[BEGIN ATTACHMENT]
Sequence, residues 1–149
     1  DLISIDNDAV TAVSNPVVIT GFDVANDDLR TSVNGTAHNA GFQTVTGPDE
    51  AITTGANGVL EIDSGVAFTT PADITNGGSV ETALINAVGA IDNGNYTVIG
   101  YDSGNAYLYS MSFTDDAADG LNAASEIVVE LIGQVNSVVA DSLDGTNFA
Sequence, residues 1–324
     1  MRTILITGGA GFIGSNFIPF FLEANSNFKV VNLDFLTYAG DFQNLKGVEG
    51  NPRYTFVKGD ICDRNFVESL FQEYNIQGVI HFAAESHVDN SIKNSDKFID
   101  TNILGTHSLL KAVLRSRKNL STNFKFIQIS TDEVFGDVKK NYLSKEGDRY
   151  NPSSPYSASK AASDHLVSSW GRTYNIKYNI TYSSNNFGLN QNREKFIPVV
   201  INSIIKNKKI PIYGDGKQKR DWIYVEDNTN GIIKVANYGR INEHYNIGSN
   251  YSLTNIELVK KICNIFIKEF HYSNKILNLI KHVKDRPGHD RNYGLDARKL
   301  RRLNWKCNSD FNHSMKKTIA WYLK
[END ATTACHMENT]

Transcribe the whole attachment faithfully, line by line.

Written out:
Sequence, residues 1–149
     1  DLISIDNDAV TAVSNPVVIT GFDVANDDLR TSVNGTAHNA GFQTVTGPDE
    51  AITTGANGVL EIDSGVAFTT PADITNGGSV ETALINAVGA IDNGNYTVIG
   101  YDSGNAYLYS MSFTDDAADG LNAASEIVVE LIGQVNSVVA DSLDGTNFA
Sequence, residues 1–324
     1  MRTILITGGA GFIGSNFIPF FLEANSNFKV VNLDFLTYAG DFQNLKGVEG
    51  NPRYTFVKGD ICDRNFVESL FQEYNIQGVI HFAAESHVDN SIKNSDKFID
   101  TNILGTHSLL KAVLRSRKNL STNFKFIQIS TDEVFGDVKK NYLSKEGDRY
   151  NPSSPYSASK AASDHLVSSW GRTYNIKYNI TYSSNNFGLN QNREKFIPVV
   201  INSIIKNKKI PIYGDGKQKR DWIYVEDNTN GIIKVANYGR INEHYNIGSN
   251  YSLTNIELVK KICNIFIKEF HYSNKILNLI KHVKDRPGHD RNYGLDARKL
   301  RRLNWKCNSD FNHSMKKTIA WYLK